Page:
Business as usual for Sotheby’s auctions in Hong Kong
Pro-democracy protests are taking their toll on Hong Kong’s economy, with consumer spending down and the cancellation of events including the annual WTA Hong Kong Open tennis tournament, which was due to start on October 5. Kevin Ching, chief executive of Sotheby’s Asia, insists it is still “business as usual” for the five-day series of sales that begin in the Hong Kong Convention and Exhibition Centre on October 3-4. He notes that historically, “economic and political conditions can be quite different from what happens in the art market”. He adds that he has been encouraged by “pan-Asian” interest ahead of the auctions. Ching still expects people to come to the salerooms, but admits the auction house has an additional “20 to 30” phone lines ready, and that more online bids are expected than usual.
Several consignments were finalised during the city’s summer of high disruption, Ching says, including the last nude painted by the Chinese-French artist Sanyu, which comes to auction for the first time since it was made in 1965, and with a low estimate of HK$150m ($19m, October 5). Sotheby’s also offers a rare enamelled glass vase from the early Qing Dynasty (1736-95) that sold in 2000 for HK$24.2m ($3.1m) and now comes with a low estimate of HK$200m ($25m, October 8).
There are a couple of mind-bending late entries to the Frieze fairs that open in Regent’s Park in London this week. Viewable at a few points in the sculpture park is the fair’s first augmented reality work (“No shipping,” quips Frieze director Victoria Siddall). By downloading the Acute Art app and scanning signposts, visitors can see Koo Jeong A’s “density” (2019), which resembles a large block of ice hovering among the trees.
Inside the tent, the Frieze Live performance programme revives Oskar Schlemmer’s “Bauhaustänze” or “Bauhaus Dances” (1925-29). The experimental multimedia artist composed the music, directed the dance and designed the costumes as part of the Stage Workshop that he ran for students at the Bauhaus Schools, founded 100 years ago this year. Schlemmer’s grandson, C Raman Schlemmer, will direct proceedings at Frieze, where we are told that three dancers will “mathematically explore space, form and materials against a black gridded stage”. I am told by gallerist Thaddaeus Ropac, who is co-producing the performances, that the pieces are not for sale. He does, however, have some very buyable Schlemmer works on show at his London gallery (until December 20).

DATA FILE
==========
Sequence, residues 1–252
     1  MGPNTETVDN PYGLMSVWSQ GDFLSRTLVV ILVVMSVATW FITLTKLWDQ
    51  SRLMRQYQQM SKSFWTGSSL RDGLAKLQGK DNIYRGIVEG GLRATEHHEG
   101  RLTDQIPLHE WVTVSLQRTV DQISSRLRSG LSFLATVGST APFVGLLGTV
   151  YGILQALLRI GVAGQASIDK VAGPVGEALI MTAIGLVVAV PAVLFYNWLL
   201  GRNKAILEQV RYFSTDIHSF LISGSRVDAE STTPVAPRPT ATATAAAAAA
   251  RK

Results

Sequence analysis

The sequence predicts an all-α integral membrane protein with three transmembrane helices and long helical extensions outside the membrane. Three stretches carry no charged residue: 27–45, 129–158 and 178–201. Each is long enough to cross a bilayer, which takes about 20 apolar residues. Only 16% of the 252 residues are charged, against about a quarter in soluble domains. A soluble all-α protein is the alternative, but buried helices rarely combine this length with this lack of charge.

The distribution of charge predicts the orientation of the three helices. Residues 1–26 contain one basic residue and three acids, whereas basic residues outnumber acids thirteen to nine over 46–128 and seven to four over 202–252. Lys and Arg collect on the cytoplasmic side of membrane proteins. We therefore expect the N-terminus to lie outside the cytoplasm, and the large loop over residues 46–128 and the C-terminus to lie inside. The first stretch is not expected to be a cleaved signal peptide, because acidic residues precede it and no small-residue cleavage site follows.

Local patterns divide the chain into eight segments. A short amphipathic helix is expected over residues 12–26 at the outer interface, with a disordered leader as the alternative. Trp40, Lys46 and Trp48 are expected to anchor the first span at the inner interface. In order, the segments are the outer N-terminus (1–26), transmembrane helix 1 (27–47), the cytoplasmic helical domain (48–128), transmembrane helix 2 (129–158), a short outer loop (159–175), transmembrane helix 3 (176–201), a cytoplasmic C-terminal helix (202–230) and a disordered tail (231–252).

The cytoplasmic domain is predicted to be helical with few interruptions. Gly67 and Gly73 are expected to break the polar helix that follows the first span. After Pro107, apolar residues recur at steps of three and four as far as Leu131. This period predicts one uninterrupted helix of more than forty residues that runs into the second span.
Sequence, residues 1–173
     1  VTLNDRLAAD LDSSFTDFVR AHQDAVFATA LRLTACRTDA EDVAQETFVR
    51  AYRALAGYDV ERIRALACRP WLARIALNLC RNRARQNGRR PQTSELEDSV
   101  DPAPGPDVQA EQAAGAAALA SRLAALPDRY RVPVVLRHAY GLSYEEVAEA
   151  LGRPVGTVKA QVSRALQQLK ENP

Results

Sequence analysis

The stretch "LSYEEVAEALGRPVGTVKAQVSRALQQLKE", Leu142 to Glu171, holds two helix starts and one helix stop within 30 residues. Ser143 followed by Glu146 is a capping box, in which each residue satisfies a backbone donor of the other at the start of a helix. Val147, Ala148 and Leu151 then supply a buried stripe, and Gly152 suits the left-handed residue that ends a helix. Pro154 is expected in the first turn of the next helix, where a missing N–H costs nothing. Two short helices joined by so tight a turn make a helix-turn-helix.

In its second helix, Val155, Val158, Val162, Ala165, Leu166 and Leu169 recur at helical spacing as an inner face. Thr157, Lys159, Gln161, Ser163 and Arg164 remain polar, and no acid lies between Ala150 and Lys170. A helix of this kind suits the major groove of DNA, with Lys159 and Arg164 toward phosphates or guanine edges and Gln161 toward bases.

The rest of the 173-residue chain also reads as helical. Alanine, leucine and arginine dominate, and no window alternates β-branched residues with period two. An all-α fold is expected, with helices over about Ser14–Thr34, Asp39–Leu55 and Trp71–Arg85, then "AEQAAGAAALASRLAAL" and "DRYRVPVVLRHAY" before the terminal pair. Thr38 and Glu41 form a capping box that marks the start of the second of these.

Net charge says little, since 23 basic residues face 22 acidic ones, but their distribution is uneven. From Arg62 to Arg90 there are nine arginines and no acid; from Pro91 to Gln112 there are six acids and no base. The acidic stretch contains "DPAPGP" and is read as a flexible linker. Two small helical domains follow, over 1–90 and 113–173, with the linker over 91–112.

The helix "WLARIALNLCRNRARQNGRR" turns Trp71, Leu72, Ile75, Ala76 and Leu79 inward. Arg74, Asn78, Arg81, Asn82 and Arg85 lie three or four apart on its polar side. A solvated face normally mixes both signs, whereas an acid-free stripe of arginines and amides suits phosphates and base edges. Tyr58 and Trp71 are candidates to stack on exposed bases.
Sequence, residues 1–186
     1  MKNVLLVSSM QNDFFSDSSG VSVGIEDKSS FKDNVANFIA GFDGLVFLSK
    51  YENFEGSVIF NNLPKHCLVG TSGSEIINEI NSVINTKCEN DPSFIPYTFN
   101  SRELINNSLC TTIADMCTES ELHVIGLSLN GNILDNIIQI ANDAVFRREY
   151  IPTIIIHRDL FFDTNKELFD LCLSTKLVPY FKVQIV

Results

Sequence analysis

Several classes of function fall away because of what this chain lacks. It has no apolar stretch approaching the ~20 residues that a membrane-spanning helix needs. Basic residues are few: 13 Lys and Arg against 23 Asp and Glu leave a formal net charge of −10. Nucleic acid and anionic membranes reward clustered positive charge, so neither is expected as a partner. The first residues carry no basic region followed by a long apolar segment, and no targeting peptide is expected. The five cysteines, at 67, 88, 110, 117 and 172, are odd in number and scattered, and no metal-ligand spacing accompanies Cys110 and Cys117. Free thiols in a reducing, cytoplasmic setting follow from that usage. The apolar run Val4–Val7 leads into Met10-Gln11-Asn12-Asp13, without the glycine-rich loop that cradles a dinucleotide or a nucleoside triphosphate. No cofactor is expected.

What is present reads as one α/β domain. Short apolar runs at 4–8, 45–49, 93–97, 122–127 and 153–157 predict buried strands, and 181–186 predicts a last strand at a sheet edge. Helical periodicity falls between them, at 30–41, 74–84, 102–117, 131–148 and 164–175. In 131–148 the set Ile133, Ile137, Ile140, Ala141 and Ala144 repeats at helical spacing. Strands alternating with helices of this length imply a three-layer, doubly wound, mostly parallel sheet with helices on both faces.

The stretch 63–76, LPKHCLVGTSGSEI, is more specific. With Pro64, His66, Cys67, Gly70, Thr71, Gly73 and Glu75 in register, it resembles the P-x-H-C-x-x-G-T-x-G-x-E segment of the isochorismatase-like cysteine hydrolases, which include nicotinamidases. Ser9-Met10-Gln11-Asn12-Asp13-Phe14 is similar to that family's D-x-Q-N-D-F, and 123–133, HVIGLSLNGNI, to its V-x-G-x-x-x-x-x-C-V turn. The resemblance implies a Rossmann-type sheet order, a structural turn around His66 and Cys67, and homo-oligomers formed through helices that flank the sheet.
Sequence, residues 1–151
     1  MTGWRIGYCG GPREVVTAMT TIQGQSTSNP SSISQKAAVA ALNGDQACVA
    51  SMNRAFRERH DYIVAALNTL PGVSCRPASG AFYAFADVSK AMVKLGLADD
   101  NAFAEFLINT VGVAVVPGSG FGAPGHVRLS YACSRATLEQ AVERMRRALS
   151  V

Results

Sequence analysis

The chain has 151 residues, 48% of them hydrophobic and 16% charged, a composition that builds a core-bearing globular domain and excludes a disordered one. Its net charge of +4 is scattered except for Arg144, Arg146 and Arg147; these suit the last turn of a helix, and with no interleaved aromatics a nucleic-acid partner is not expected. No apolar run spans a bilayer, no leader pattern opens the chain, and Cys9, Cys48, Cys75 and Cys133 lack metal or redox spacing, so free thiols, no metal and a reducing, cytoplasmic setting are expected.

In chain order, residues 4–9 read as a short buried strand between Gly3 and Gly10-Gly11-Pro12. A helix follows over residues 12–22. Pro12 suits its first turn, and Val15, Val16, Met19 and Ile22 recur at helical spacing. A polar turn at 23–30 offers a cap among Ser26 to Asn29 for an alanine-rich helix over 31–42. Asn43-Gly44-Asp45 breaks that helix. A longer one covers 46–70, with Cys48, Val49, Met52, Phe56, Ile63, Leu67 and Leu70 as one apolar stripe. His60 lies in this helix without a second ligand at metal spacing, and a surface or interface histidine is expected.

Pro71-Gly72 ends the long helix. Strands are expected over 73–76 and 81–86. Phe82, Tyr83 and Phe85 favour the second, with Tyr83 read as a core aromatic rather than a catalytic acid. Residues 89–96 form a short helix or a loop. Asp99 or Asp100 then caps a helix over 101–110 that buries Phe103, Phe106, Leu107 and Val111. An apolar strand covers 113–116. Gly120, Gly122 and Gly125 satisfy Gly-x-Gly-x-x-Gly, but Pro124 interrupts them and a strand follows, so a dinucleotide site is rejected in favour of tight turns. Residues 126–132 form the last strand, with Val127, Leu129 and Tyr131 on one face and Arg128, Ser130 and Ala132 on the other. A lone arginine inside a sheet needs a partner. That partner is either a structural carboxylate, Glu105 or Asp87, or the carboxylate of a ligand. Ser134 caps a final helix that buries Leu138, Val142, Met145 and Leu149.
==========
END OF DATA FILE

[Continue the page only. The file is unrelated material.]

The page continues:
It may seem crazy to launch another art fair in London but Nazy Vassegh, an art adviser who was chief executive of the Masterpiece fair between 2013 and 2017, may have hit on a winning idea. She plans to open Eye of the Collector in a venue that she can’t yet disclose but describes as “a historic building and a grand domestic setting”. Her fair, which she is funding herself, will open on May 13, to coincide with Photo London and the Draw Art Fair. The point, she says, is to show works of art and design, across all periods, in a space “that could be someone’s home”. “You don’t have to walk through aisles, booths or a converted warehouse all day to find interesting pieces,” Vassegh says. Food for thought this week.
Some more sobering (depressing) statistics about the share of female artists at auction came courtesy of In Other Words and Artnet News this month. Looking at the $196.6bn spent on all art at auction between January 2008 and May 2019, their study found that just 2 per cent ($4bn) was spent on art made by women. Of this, £1.6bn (40.7 per cent) came from only five artists: Yayoi Kusama ($552.9m), Joan Mitchell ($417.4m), Louise Bourgeois ($258.5), Georgia O’Keeffe ($227.2) and Agnes Martin ($172m). For context, the report notes that work by Pablo Picasso alone generated $4.8bn at auction over the same period.
“It’s a cyclical thing that is not changing. It’s like we’re crabs: if one or two of us get out of the bucket, it feels so exciting. But what are we cheering? We should be protesting!” says artist Mickalene Thomas in the report. Guerrilla Girl Frida Kahlo offers an alternative perspective: “We’re more interested in having our posters on every college dorm wall than hanging over some collector’s white sofa.”
The art market is going mad for the German artist Albert Oehlen who, not entirely coincidentally, has a solo exhibition that opens at London’s Serpentine Galleries on Wednesday, sponsored by Sotheby’s. Other supporters include Gagosian and Max Hetzler galleries and art dealer Per Skarstedt.
Oehlen (b1954) is a complicated artist who, says Sarah Horner, director at Max Hetzler, “tested painting and its layers to its limits”. Her London gallery has just opened the first part of an exhibition of Oehlen’s early “Spiegelbilder”, or Mirror Paintings (1982-90) (until November 16). Further works from this series form the second part of the show, at Nahmad Contemporary in New York, from November 5. Also in New York, Skarstedt has a show of Oehlen’s so-called “Fn” (short for footnote) series of 1990 (until November 2), while in Hong Kong, Gagosian hosts new paintings by the artist in his first Asian exhibition (until October 26). A 2005 installation by Oehlen is also the starting point for Lévy Gorvy’s three-artist show in London this week (October 2-December 7).
Oehlen’s work still trades at a discount compared with some of his German counterparts. His auction record was smashed in June when Skarstedt bought his “Self-portrait with Empty Hands” (1998), a tribute to his friend Martin Kippenberger (1953-97), for £5.3m (£6.2m with fees). Kippenberger’s auction record stands at $22.6m.